“It’s always been important but I think there might be more media attention to it now, and it’s become more of a buzz word lately,” Finlay said. “As our world has grown, I think in some ways we’ve lost the concept of taking care of our own and community and family, and I feel we have a responsibility to take care of those who need a helping hand.”
Emily Logue, marketing specialist with Holland Partner Group (HPG), Vancouver, Wash., said the company takes great pride in its focus and commitment to the role they play in the lives of their employees, residents and investors.
“As an organization, we ask ourselves daily ‘what sets us apart?’ and there is much more to that story than our portfolio or our bottom line. We believe it is our people,” she said. “We take our role in these lives very seriously and have made it a core value of our organization to focus on the well-being of these individuals.”
Its efforts to embody, promote and pay tribute to these values are evident in efforts such as HopeLift, Helping Hands and Arizona’s bike building efforts. The company also created a special partnership program with Forterra, a leading Washington conservation organization, where for each home leased at a Holland property in South Lake Union, Forterra planted a tree to reforest and preserve Seattle parks. Nearly 300 were planted last fall alone.
“Through efforts like ‘Sign a Lease, Plant a Tree,’ we were able to provide our residents the opportunity to restore local parks through their commitment to living and participating in a Holland community,” Logue said. “This partnership supports a cause that is all about giving back to Mother Nature and the communities in which we choose to invest.”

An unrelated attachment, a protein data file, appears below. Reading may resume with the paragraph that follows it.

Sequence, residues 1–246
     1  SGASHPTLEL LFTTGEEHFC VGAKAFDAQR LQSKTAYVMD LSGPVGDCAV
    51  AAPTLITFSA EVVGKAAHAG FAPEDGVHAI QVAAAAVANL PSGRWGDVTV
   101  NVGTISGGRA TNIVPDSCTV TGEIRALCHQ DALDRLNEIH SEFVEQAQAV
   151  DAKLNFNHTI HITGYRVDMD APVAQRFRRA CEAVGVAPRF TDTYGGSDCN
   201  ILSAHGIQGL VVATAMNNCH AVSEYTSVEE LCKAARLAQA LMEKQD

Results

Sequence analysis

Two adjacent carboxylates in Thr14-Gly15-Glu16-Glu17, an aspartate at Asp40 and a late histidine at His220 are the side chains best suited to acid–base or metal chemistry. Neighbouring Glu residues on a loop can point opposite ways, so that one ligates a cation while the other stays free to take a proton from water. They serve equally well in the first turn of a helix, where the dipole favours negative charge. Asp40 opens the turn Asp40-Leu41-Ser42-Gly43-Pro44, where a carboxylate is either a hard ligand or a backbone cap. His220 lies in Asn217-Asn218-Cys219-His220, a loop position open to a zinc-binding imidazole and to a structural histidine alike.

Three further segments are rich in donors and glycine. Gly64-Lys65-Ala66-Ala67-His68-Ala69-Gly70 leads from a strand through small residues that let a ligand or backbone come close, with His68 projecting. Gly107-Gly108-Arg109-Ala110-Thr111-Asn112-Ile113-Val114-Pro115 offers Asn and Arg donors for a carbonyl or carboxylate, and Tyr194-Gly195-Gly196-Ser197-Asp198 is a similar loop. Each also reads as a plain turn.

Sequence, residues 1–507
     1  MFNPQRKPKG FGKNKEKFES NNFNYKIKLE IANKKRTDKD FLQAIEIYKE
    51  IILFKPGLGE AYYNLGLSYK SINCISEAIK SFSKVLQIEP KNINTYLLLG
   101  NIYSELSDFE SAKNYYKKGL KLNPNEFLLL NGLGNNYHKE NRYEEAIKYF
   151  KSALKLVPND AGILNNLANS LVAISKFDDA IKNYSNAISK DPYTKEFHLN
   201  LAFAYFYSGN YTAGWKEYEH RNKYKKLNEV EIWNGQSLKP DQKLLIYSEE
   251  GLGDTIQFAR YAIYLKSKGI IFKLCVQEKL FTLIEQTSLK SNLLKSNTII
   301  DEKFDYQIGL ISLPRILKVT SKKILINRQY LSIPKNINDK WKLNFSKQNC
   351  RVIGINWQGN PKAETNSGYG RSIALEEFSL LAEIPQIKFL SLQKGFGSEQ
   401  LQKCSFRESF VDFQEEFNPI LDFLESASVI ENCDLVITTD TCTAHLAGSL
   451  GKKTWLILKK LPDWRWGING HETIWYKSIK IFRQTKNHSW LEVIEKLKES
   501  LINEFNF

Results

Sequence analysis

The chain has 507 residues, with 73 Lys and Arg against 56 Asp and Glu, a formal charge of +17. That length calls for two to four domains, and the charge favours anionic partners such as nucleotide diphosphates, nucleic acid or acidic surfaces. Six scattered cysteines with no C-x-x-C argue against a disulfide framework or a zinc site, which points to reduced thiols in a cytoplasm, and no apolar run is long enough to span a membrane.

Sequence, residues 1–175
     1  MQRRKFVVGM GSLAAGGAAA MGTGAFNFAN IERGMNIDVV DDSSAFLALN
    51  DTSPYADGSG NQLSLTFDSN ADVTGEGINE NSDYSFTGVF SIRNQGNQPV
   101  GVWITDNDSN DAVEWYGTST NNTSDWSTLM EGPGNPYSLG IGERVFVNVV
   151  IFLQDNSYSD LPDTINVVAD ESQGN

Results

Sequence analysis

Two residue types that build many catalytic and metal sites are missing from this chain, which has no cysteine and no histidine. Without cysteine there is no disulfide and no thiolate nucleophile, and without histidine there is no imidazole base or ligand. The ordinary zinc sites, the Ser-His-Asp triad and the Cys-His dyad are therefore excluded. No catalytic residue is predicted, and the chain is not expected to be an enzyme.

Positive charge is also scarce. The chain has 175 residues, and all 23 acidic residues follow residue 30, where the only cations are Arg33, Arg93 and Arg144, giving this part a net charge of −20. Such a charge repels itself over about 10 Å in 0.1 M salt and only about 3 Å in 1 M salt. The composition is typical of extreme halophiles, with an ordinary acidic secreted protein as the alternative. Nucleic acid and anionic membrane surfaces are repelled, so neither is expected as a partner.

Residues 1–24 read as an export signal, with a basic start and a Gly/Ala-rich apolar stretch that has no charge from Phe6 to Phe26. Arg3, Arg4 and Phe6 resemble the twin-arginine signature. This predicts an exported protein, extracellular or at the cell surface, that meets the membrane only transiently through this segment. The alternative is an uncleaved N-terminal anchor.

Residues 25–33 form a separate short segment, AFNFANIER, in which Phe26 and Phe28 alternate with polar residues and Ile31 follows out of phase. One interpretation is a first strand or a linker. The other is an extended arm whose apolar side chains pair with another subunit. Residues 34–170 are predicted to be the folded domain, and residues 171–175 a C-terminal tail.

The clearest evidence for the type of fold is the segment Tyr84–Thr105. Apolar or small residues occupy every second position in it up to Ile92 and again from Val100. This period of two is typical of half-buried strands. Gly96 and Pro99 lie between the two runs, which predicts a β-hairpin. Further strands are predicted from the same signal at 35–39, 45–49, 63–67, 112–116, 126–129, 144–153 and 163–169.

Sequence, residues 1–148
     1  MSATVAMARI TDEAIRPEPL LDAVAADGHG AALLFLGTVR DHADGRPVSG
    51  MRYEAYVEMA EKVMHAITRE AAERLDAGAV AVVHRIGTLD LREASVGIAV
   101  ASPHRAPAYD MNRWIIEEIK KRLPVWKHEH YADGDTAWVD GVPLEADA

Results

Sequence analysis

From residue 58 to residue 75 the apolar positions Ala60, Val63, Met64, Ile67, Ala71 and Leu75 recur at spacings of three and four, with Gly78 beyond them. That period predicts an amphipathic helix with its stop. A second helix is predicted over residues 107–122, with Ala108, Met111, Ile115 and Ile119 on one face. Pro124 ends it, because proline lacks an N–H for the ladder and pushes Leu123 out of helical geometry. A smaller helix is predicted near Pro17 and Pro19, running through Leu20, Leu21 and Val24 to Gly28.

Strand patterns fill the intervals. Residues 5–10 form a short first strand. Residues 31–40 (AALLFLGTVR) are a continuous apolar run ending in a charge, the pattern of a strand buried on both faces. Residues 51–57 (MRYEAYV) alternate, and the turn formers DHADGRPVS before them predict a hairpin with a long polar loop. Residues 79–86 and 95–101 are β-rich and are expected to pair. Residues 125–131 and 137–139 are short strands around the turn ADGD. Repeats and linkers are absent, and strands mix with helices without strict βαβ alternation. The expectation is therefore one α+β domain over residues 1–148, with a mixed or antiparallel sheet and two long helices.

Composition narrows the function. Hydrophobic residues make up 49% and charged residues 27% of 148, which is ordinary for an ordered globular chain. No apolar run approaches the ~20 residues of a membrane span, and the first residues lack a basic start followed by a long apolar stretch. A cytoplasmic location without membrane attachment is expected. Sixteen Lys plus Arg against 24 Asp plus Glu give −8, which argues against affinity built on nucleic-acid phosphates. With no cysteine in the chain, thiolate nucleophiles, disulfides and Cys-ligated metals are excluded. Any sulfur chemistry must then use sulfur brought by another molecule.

Making a difference
In addition to its Educational Foundation, the Michaels Organization integrates social responsibility throughout its company, with everything from encouraging individual giving to holding an annual fundraiser to its annual Christmas gift drive when employees may “adopt” a resident family in need to provide extra help at the holidays.
“We support many social impact programs, from sponsoring a cycling team each year for the American Cancer Society’s bike-a-thon in honor of one of our (deceased) employees to encouraging employees to share and support their individual charitable activities. Through our Intranet and social media pages, we continuously emphasize that we are a family dedicated to helping one another and those in need,” Zaner said. “Some projects we do are smaller scale and targeted to the needs of specific communities.”
For example, in 2012, it joined forces with the NJ Tree Foundation to sponsor a tree planting event in Camden, N.J. A group of some 40 volunteers from the neighborhood and community groups helped staff from The Michaels Organization plant 15 new large shade trees and flowering plants, which The Michaels Organization pledged to “adopt” to ensure their care and well being over the next five years.
Samantha Kochanasz, HPG marketing associate, said the company has add sustainability as a core value and continues to improve its policies and procedures in different divisions.